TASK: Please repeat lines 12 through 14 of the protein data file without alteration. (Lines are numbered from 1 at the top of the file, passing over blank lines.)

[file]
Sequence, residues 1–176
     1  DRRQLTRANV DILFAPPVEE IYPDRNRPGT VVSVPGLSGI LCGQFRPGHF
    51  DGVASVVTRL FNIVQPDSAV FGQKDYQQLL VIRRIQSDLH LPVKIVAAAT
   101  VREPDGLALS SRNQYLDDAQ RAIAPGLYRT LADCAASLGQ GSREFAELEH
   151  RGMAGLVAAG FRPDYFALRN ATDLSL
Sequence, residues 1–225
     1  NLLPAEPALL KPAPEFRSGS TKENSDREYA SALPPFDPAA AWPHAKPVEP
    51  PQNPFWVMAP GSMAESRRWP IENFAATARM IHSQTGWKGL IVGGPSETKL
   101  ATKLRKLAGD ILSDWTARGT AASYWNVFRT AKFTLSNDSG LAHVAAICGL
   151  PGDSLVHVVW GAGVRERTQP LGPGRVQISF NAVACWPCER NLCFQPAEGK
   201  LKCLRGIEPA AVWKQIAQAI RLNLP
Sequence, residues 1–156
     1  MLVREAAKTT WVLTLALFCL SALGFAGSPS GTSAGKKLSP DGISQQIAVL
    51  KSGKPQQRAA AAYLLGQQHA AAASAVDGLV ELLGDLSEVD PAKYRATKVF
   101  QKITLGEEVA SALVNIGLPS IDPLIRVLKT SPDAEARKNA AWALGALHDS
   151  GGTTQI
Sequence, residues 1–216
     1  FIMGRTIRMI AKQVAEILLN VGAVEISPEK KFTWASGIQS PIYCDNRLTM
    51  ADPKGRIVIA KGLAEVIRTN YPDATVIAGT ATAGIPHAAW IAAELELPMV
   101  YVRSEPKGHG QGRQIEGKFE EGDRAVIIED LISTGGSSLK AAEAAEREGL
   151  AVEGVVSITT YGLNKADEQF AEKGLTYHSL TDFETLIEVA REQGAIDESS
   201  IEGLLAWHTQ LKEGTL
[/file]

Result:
Sequence, residues 1–156
     1  MLVREAAKTT WVLTLALFCL SALGFAGSPS GTSAGKKLSP DGISQQIAVL
    51  KSGKPQQRAA AAYLLGQQHA AAASAVDGLV ELLGDLSEVD PAKYRATKVF